By Adam Brazeau
CORNWALL, Ontario – A petition with more than 200 signatures calling for South Stormont council to rethink a decision to advertise in a new newspaper in the township fell on deaf ears Wednesday night.
South Stormont residents packed the township’s council chambers to find out if $10,600 in advertising would be approved for the new print venture. South Stormont resident Richard Currier made a presentation to council demanding that any funding for the newspaper be reconsidered until it establishes itself as a reliable news outlet.
“I do not understand why council is using our taxpayer dollars,” said Currier. “Would it not be preferable to wait and see what the style of journalism is before committing tax dollars and signing contracts, to see if the community regards it as a viable medium?”
Currier was silenced by South Stormont Mayor Bryan McGillis when he attempted to offer his opinions on why the township should withhold the advertising money.
At issue are concerns some residents say they have with the operator of the new publication, Jamie Gilcig, a mayoral candidate in Cornwall who has polarized public opinion in the city and surrounding area with his online writing.
Gilcig is also the subject of Cornwall police charges for criminal harassment and uttering death threats – none of which has been proven in court.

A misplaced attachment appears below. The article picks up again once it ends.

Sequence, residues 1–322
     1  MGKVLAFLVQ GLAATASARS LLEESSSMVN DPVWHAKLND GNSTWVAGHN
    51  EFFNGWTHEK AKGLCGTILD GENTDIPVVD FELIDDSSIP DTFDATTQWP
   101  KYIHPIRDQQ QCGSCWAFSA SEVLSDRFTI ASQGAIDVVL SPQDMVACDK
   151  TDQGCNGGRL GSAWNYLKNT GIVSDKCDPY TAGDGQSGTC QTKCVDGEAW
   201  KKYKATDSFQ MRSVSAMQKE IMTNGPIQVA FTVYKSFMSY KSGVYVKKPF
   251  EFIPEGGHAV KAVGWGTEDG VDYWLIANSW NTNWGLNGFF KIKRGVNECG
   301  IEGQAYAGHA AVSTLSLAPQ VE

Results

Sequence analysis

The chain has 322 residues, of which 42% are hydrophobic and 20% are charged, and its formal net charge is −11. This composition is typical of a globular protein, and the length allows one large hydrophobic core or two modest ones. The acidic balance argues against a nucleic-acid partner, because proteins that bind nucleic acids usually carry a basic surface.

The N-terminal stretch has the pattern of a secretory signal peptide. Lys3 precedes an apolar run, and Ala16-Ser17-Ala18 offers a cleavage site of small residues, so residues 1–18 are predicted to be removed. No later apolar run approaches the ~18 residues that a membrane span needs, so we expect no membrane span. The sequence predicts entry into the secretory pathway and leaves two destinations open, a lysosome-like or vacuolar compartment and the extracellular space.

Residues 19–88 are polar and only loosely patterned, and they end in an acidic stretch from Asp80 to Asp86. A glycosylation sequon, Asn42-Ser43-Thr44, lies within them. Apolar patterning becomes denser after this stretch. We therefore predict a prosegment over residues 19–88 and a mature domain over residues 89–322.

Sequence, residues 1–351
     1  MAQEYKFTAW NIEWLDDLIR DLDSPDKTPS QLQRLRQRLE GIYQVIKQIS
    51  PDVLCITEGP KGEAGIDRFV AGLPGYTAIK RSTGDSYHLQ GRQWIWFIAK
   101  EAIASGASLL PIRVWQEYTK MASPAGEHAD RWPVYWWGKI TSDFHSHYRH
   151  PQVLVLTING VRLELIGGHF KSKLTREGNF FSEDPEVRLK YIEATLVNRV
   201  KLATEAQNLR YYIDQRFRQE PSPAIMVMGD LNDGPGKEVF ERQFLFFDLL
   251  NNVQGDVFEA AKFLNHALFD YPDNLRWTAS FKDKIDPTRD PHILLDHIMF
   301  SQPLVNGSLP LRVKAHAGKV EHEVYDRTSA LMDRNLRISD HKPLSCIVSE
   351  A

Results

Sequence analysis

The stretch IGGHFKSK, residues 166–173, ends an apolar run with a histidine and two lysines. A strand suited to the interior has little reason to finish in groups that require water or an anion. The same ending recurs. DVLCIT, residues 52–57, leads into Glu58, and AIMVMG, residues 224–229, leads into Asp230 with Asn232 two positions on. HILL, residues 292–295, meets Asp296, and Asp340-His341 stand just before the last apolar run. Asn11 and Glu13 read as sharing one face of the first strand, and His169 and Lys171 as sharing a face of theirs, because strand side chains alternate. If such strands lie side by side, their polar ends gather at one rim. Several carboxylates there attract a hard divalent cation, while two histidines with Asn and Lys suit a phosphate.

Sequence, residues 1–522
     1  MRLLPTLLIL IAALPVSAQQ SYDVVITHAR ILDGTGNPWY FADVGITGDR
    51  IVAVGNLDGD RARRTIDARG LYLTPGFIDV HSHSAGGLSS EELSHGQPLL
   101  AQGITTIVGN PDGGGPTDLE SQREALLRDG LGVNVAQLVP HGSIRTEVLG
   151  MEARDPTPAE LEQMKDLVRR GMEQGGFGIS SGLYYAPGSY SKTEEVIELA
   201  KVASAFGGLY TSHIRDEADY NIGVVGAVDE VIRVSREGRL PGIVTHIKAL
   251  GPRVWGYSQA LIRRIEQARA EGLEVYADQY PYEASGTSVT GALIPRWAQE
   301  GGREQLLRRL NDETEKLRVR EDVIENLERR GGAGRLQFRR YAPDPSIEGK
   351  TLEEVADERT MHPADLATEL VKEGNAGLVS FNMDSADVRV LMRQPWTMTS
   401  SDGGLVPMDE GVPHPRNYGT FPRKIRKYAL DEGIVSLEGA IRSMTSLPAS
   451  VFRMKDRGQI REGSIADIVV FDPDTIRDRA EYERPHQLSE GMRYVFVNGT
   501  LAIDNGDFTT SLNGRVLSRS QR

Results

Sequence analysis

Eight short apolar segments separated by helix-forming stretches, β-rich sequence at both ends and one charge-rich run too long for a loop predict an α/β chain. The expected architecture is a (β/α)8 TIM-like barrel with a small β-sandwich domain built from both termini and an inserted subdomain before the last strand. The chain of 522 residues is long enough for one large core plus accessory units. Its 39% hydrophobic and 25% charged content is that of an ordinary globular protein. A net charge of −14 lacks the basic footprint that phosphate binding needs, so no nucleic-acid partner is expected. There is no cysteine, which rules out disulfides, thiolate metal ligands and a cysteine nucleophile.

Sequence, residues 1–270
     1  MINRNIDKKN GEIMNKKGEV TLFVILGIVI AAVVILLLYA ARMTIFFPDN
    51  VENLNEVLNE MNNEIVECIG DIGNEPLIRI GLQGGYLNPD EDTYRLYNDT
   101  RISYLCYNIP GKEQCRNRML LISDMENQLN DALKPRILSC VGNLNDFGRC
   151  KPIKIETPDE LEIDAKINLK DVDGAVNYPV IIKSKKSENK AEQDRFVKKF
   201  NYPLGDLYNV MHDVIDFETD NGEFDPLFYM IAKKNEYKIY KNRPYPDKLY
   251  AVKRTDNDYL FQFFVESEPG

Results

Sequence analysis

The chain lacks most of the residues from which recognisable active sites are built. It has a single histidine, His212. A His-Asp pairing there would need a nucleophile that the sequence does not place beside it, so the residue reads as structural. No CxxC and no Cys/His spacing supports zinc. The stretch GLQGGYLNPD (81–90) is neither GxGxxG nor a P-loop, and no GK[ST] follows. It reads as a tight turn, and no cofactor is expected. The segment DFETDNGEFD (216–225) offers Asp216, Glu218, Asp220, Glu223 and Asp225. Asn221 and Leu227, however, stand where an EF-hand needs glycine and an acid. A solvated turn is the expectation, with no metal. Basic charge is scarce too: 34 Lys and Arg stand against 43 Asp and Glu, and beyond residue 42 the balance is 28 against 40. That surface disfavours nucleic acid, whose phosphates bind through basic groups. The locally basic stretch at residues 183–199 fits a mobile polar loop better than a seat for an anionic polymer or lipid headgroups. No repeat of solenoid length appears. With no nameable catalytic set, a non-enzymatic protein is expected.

After his presentation, Currier handed McGillis the petition to be put on record, but the South Stormont mayor was quick to dismiss the document’s legitimacy.
“This is not in the proper format as a policy we have for the municipality in terms of petitions and also this information is false and misleading,” said McGillis.
Deputy Mayor Tammy Hart attempted to voice her concerns and strong objections to advertising in the new newspaper, but could find no support around the council table to second a motion to that end.
McGillis estimated that the initial figure of $10,600 is now closer to $7,500 since the funding was originally slated for a full year of advertising.
“It’s like any other service that we pay for, if it we don’t like the service we just cancel it,” he said.
Despite the outcry Wednesday McGillis described the new newspaper as a way to expand and diversify the township’s advertising base.
“This is a personality thing and people are against one person,” he said. “We (the township) can’t discriminate. I think he’s proposing a traditional newspaper,
“We’re giving it a chance. If it doesn’t suit council’s needs in terms of advertising we’re not moving forward.”